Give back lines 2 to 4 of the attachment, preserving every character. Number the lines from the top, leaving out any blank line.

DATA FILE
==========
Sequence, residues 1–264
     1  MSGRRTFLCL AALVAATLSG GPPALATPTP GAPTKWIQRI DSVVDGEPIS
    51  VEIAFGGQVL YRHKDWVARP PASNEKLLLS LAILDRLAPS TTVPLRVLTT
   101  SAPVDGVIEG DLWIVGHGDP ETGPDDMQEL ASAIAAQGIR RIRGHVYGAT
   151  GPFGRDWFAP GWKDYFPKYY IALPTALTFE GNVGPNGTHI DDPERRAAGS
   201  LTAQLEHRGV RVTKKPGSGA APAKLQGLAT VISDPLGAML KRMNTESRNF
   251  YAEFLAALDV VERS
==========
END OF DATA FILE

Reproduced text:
     1  MSGRRTFLCL AALVAATLSG GPPALATPTP GAPTKWIQRI DSVVDGEPIS
    51  VEIAFGGQVL YRHKDWVARP PASNEKLLLS LAILDRLAPS TTVPLRVLTT
   101  SAPVDGVIEG DLWIVGHGDP ETGPDDMQEL ASAIAAQGIR RIRGHVYGAT